At first, Princess Diana was against sending William to boarding school. Prince Charles, remembering the misery of his own schooldays, equally did not want his son to suffer as he had at Gordonstoun. But for reasons of security, a compromise was reached. Aged eight, William was sent to Ludgrove Preparatory School in Wokingham, Berkshire, where he boarded on weekdays only. His school reports revealed his talent on the sports field, where he impressed as a rugby and hockey team captain, a crack shot, an excellent football and basketball player, and a school representative at cross-country running and swimming.

Diana described him as “the man in my life”, and the most photographed woman in the world relied upon her elder son for comfort and advice. Their relationship was close: Wills even announced that he wanted to be a policeman when he grew up, so that he could protect his mother. (“You can’t,” Harry observed, “you’ve got to be King.”) On one occasion, when Diana locked herself in the bathroom after an argument with Charles, it was William who pushed tissues under the door with a note saying: “I hate to see you sad.” By the age of nine, he had already learned to book a table at San Lorenzo, her favourite restaurant, to cheer up his mother. It was William who later advised her to accelerate her divorce proceedings by agreeing to be stripped of the title HRH, reassuring her: “You’ll still be Mummy.”

In turn, “Mummy” took William on a number of visits to meet the homeless and the dying, to make him aware of others’ suffering. “I want William and Harry to experience what most people already know,” Diana told an interviewer. “That they are growing up in a multi-racial society in which everyone is not rich, or has four holidays a year, or speaks standard English and drives a Range Rover.”

At 13, William was sent to Eton College, close to Windsor, a choice well-suited to a boy with a public future, not least because his new classmates would be as well-connected and as well-heeled as he: the Prince would not even be the only boy with a private detective. It became a regular arrangement that, on Sunday afternoons at 4pm, he would take tea with the Queen at the castle on the hill, where they continue to discuss William’s Royal duties – which at this stage include scheduling official photo calls and the occasional walkabout. William is not likely to begin taking on his own major Royal duties until he has completed his education. Unlike his father, there will be no formal title awaiting Prince William when he comes of age.

William developed an early sensitivity to the needs of others. Aged 14, he took the bold step of asking his parents not to attend the most important day in the school calendar, Eton’s Fourth of June celebrations, as he believed the presence of the press and bodyguards would spoil this Parents’ Day for his peers. Charles and Diana were both taken aback when he instead invited Tiggy Legge-Bourke to attend. Engaged by Prince Charles as unofficial nanny to the boys, Ms Legge-Bourke, whose mother was appointed Lady-in-Waiting to the Princess Royal, is a close companion with whom William feels naturally at ease. With a sense of fun that delights both William and Harry, Ms Legge-Bourke has noted: “I give the Princes what they need – fresh air, a rifle and a horse.”

William continues to flourish at Eton. His housemaster Dr Andrew Gailey, a respected constitutional historian and music lover from Northern Ireland, has taken William under his wing educationally and emotionally, and has been an important influence as William has sought to rebuild his life. Having proven to be the fastest junior swimmer at Eton in 10 years, from this term William will captain the swimming team, holding the title of Joint Keeper of Swimming. His duties include team selection, greeting visiting teams, keeping records, training new boys, and recommending swimmers for their colours. William has also been appointed secretary of the renowned Agricultural Club, and recently received Eton’s Sword of Honour, the school’s highest award for a first-year army cadet. In addition, senior pupils have elected him to the élite Eton Society, one of the highest honours bestowed on boys at the top of the school. The exclusive club, known as “Pop”, is a selection of the 11 most popular and respected boys going into the upper sixth. William will ensure that younger boys attend a daily chapel service, serve as an usher at school plays, and gain the authority to fine pupils who break the school rules.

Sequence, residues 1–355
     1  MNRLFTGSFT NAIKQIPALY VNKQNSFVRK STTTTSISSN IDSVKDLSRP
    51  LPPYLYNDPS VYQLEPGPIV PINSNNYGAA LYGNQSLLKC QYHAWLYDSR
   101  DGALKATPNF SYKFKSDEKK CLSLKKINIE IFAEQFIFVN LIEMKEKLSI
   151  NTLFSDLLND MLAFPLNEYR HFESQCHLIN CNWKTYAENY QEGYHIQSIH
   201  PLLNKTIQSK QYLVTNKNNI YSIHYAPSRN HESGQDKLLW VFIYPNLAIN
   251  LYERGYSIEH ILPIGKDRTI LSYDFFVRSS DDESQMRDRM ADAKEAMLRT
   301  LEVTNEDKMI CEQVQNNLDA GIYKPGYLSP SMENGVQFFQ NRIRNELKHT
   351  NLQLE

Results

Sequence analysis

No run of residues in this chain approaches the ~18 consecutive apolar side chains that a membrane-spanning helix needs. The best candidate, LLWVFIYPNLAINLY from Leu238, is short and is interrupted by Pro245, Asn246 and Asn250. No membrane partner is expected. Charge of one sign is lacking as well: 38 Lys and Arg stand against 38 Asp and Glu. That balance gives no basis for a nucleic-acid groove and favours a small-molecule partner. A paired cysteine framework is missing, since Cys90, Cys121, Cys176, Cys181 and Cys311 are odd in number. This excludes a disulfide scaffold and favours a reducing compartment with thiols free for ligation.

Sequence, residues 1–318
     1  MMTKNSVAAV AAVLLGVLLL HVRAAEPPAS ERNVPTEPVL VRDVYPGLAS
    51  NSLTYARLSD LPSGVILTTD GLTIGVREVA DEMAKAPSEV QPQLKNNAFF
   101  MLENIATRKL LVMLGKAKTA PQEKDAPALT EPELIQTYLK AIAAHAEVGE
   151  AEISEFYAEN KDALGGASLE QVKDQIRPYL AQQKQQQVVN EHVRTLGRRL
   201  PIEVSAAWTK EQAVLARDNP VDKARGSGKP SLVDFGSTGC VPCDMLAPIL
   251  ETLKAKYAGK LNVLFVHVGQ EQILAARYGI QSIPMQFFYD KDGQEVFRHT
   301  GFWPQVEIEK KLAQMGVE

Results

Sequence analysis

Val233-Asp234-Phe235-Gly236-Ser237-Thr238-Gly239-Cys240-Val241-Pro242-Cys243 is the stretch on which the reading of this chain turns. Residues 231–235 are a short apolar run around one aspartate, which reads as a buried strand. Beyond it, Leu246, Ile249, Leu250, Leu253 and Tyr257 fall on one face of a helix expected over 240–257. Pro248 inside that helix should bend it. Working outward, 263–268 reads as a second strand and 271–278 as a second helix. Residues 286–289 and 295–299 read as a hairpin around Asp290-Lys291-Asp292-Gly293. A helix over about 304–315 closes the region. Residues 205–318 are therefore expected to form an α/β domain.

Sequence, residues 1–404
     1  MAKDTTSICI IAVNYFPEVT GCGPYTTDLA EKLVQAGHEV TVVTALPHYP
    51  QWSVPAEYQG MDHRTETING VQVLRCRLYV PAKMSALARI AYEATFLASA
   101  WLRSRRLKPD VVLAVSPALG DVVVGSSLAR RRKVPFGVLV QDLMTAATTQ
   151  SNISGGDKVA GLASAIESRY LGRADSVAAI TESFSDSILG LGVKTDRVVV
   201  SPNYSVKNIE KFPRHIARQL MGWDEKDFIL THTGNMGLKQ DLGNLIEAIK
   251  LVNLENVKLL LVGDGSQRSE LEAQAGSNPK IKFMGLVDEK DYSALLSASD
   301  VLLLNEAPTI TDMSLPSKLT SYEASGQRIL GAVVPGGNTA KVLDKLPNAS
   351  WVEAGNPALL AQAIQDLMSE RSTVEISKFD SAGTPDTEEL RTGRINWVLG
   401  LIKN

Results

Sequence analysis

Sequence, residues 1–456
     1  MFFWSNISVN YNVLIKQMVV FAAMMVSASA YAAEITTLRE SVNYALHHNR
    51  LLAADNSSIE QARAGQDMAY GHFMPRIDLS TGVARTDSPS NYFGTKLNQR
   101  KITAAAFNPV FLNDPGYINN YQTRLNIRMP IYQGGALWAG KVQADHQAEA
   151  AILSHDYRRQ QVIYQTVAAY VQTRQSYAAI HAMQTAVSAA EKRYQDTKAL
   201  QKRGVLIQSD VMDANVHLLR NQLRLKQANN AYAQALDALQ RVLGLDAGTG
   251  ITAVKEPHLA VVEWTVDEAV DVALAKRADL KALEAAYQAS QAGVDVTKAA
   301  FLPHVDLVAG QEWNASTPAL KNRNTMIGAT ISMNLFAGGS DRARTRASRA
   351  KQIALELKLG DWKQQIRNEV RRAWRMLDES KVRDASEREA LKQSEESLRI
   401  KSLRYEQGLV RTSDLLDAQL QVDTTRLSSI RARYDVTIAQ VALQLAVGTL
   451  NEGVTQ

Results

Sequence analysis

“My boy’s got a good brain,” Diana would note proudly, “considering how hopeless both his parents were.” And close to the first anniversary of his mother’s death, William, who had gained three GCSE passes the previous year, received a further nine GCSEs with top A* and A grades in English, history and languages, and Bs for other subjects including maths and science. He returned for his final year at Eton on September 8 to take geography, English and history of art at A level.

It was long presumed that the Prince would follow in his father’s footsteps by attending Trinity College, Cambridge. This decision had been made for Charles by a committee of advisers, but William will be given more freedom. “God help anyone who tells William what to do,” observed one courtier. “He listens, but he won’t be pushed around by the system.” Indeed, William has told friends that he wishes to attend Cambridge only if his grades merit a place, and that rather than gain favouritism he would rather attend one of his four other choices. These are Edinburgh, St Andrews, Bristol and Durham universities, all of which the Prince has recently visited. History of art is likely to be his chosen subject. An army career will probably follow. “In the medium term, William wants to go into the armed services in some form,” says his uncle, Earl Spencer. “It is a traditional part of the Royal upbringing, but he would actually like to do it of his own volition.”